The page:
— Rilke, letter (tr. S. Mitchell)
Often I gazed at you in wonder: stood at the window begun
the day before, stood and gazed at you in wonder. As yet
the new city seemed forbidden to me, and the strange
unpersuadable landscape darkened as though
I didn’t exist. Even the nearest Things
didn’t care whether I understood them. The street
thrust itself up to the lamppost: I saw it was foreign.
Over there–a room, feelable, clear in the lamplight–,
I already took part; they noticed, and closed the shutters.
Stood. Then a child began crying. I knew what the mothers
all around, in the houses, were capable of–, and knew
the inconsolable origins of all tears.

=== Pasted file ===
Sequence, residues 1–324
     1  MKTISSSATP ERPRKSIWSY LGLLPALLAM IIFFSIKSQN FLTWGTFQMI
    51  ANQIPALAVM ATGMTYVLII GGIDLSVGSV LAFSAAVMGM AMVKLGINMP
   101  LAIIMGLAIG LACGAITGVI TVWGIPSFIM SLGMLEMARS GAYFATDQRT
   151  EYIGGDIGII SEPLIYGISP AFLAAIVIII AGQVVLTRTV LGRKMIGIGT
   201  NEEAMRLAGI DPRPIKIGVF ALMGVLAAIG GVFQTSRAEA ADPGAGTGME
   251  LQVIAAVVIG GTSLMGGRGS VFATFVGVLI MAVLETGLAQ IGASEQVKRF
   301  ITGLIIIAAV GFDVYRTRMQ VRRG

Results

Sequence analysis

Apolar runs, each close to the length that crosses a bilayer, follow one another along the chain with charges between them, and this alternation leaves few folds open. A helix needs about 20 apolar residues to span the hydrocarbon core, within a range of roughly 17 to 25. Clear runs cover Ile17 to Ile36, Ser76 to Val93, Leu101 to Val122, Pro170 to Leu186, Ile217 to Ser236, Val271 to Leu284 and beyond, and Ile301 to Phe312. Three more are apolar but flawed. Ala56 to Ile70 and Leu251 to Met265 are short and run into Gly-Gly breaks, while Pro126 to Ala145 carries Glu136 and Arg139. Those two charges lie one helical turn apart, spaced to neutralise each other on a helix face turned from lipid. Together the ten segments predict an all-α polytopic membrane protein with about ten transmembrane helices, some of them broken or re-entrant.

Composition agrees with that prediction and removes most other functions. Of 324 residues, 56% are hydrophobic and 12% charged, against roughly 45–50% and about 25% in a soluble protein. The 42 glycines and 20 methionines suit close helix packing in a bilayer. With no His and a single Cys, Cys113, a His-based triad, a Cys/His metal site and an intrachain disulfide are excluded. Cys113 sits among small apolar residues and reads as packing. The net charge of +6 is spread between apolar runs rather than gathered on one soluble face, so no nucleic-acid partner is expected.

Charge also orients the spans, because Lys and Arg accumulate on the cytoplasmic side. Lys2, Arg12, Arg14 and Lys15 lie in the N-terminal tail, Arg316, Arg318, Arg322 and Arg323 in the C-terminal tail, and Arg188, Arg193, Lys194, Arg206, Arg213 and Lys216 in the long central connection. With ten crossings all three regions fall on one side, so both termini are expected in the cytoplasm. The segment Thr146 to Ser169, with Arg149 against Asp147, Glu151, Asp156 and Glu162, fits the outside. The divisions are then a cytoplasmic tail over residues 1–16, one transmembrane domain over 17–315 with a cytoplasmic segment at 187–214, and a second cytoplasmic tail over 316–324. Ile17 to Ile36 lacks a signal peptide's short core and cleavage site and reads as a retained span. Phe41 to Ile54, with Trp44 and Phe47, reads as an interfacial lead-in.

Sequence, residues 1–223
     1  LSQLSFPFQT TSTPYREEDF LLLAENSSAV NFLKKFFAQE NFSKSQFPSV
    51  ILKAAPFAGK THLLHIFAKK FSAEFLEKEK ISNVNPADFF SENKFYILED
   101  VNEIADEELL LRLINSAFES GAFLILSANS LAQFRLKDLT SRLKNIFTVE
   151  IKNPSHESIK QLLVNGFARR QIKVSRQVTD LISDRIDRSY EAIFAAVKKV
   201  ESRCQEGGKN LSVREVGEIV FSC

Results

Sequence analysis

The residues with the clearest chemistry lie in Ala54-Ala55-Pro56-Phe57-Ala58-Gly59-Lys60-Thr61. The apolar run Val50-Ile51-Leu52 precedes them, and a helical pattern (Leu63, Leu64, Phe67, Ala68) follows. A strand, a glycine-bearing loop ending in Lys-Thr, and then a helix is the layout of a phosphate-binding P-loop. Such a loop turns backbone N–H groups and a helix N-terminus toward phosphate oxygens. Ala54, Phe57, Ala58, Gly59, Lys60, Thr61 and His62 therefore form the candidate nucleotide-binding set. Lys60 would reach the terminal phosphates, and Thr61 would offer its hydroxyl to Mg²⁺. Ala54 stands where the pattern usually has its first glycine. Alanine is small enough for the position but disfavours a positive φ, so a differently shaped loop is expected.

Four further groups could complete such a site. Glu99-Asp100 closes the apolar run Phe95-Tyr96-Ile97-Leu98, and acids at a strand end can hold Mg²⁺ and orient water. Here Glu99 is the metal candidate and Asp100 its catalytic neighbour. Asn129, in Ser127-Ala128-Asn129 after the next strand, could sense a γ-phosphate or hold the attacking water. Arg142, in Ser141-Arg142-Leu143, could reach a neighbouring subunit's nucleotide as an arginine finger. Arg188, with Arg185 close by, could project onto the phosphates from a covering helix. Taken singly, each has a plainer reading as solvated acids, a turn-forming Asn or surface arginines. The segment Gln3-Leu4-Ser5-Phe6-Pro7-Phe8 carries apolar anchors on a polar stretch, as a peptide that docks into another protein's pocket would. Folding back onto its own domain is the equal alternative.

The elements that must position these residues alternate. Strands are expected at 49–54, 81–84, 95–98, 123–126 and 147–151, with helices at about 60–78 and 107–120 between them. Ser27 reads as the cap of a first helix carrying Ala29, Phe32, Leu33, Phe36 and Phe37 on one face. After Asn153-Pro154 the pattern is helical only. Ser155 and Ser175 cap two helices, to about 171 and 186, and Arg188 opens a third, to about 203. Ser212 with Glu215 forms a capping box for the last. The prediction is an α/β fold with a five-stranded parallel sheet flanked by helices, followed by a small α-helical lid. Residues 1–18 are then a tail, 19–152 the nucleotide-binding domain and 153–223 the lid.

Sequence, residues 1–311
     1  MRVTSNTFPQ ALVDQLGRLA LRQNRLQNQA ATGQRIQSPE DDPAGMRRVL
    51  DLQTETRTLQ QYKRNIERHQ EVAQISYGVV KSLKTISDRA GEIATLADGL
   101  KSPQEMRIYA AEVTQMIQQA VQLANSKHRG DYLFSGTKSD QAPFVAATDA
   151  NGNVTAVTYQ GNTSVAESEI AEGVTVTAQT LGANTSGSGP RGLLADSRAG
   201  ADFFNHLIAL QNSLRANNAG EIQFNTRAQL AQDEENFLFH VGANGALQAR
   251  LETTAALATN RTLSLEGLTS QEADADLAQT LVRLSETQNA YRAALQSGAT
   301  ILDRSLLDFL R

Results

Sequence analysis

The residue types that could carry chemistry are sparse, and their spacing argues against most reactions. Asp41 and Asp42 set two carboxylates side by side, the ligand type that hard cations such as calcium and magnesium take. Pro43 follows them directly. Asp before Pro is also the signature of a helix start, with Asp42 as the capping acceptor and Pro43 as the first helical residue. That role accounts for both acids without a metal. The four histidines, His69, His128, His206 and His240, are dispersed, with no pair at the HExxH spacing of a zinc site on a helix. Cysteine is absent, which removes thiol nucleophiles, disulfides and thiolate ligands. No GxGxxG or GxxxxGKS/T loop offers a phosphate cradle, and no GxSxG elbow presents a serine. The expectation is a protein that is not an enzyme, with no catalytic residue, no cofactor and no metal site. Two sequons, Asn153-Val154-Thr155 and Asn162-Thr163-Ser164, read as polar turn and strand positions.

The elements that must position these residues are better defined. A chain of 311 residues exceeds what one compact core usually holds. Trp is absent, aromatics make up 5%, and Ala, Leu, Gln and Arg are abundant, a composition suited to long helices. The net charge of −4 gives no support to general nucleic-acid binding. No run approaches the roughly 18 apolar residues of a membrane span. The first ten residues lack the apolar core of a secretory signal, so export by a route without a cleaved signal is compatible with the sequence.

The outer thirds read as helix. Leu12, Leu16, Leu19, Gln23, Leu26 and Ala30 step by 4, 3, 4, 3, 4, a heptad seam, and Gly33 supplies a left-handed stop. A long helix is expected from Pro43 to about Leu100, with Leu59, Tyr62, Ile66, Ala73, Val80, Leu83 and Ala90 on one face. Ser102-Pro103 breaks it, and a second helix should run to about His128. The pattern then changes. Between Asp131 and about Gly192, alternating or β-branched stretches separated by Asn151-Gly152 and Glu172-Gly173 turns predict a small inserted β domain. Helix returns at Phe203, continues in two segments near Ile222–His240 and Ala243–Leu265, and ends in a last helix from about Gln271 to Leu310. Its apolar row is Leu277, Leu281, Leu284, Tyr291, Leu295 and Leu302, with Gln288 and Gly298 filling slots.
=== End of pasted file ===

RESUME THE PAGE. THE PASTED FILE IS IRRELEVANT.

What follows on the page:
Or a woman’s voice sang and reached a little beyond
expectation, or downstairs an old man let out
a cough that was full of reproach, as though his body were right
and the gentler world mistaken. And then the hour
struck–, but I counted too late, it tumbled on past me.–
Like a new boy at school, who is finally allowed to join in,
but he can’t reach the ball, is helpless at all the games
the others pursue with such ease, and he stands there staring
into the distance,–where–?: I stood there and suddenly
grasped that it was you: you were playing with me, grown-up
Night, and I gazed at you in wonder. Where the towers
were raging, where with averted fate
a city surrounded me, and indecipherable mountains
camped against me, and strangeness, in narrowing circles,
prowled around my randomly flickering emotions–:
it was then that in all your magnificence
you were not ashamed to know me. Your breath moved tenderly
over my face. And, spread across solemn distances,
your smile entered my heart.
— Rilke (trans. S. Mitchell)